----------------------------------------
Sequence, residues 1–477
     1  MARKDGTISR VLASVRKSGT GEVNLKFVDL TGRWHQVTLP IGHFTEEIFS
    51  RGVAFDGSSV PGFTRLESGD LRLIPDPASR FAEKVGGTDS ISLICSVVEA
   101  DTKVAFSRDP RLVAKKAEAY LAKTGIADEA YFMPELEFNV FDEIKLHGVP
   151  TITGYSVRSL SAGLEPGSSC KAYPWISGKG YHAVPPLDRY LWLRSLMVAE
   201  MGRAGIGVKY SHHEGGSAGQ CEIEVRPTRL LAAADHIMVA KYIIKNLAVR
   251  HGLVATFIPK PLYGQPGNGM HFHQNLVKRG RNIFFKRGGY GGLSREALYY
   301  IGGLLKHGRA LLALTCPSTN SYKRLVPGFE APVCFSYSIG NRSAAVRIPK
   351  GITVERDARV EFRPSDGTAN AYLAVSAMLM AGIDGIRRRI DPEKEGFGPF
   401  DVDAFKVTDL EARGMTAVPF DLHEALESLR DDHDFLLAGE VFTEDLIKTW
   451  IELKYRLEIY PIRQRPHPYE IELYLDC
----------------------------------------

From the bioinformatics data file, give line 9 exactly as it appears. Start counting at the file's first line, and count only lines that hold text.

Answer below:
   351  GITVERDARV EFRPSDGTAN AYLAVSAMLM AGIDGIRRRI DPEKEGFGPF